What Does Chocolate Have to Do with Science and Engineering?
Recipe for a fun and creative science and engineering project:
- Assemble 63 South San Francisco Unified School District fifth-graders and seven ISPE representatives into nine groups in a gym or cafeteria
- Add big chunks of foam board, Popsicle sticks, construction and corrugated paper, molding clay, scissors, tape, glue and cocoa beans
- Stir vigorously; simmer about 30 minutes
The result? Nine perfectly ingenious “Chocolate Factories,” with pipecleaner MEP systems, Dixie Cup hoppers and fermentation tanks, and other essential features. And, for the fifth-graders, a pretty good understanding of the manufacturing processes that take place in a chocolate factory, which are similar to the manufacturing processes that take place in a biopharmaceutical fermentation facility.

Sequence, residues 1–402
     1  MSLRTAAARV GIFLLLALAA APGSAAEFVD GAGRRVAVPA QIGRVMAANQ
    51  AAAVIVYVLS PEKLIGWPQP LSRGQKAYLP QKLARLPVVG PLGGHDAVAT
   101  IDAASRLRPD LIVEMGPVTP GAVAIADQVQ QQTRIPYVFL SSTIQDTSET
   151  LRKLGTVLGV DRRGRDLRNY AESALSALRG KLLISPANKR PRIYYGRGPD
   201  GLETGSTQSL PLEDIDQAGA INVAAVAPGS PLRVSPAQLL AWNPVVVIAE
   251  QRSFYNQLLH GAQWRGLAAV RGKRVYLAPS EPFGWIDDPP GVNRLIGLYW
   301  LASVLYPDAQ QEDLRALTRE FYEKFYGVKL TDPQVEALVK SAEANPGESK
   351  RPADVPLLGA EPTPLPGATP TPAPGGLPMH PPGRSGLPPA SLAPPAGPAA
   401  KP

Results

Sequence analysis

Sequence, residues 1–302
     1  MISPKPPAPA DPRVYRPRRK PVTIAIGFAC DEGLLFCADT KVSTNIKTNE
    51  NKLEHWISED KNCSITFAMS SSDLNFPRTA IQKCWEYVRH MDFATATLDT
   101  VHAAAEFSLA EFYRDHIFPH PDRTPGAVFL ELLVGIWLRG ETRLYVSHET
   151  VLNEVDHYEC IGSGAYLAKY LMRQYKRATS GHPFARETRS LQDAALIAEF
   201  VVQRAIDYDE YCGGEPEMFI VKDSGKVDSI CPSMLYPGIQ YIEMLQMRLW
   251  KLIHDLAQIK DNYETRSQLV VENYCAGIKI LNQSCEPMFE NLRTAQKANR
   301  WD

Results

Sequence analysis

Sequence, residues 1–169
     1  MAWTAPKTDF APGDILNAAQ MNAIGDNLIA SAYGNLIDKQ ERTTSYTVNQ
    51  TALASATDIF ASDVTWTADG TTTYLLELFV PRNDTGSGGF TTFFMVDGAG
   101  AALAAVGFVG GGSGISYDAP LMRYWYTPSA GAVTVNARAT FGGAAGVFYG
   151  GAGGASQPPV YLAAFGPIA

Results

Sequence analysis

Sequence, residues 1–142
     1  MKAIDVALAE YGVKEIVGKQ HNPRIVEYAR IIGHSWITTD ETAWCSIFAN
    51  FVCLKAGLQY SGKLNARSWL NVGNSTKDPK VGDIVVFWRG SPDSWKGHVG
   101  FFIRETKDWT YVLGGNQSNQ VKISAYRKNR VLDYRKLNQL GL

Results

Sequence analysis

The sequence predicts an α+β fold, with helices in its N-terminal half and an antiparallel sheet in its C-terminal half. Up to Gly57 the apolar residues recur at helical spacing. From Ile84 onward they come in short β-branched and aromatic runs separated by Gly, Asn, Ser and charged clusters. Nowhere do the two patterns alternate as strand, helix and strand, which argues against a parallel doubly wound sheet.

From “Charlie,” at Los Cerritos Elementary School in South San Francisco:
“Thank you for helping us build our factory and teaching us how to build buildings. I learned a lot! I had so much fun!”
Started by Genentech in 2006, the Chocolate Factory project teaches fifth-graders about science and engineering concepts, with the hope of interesting the students in science and engineering careers. DPR has participated in three Chocolate Factory events, with plans to participate in more.
The concept is a natural for DPR, a technical builder of challenging projects with a philanthropic focus on enriching the lives of children.
And, judging by the thank-you notes DPR receives after participating in a Chocolate Factory project, the kids not only are learning manufacturing and construction concepts (including tension, compression force and geometry), they’re having a great time in the process.
Posted on June 8, 2011
Last Updated August 23, 2022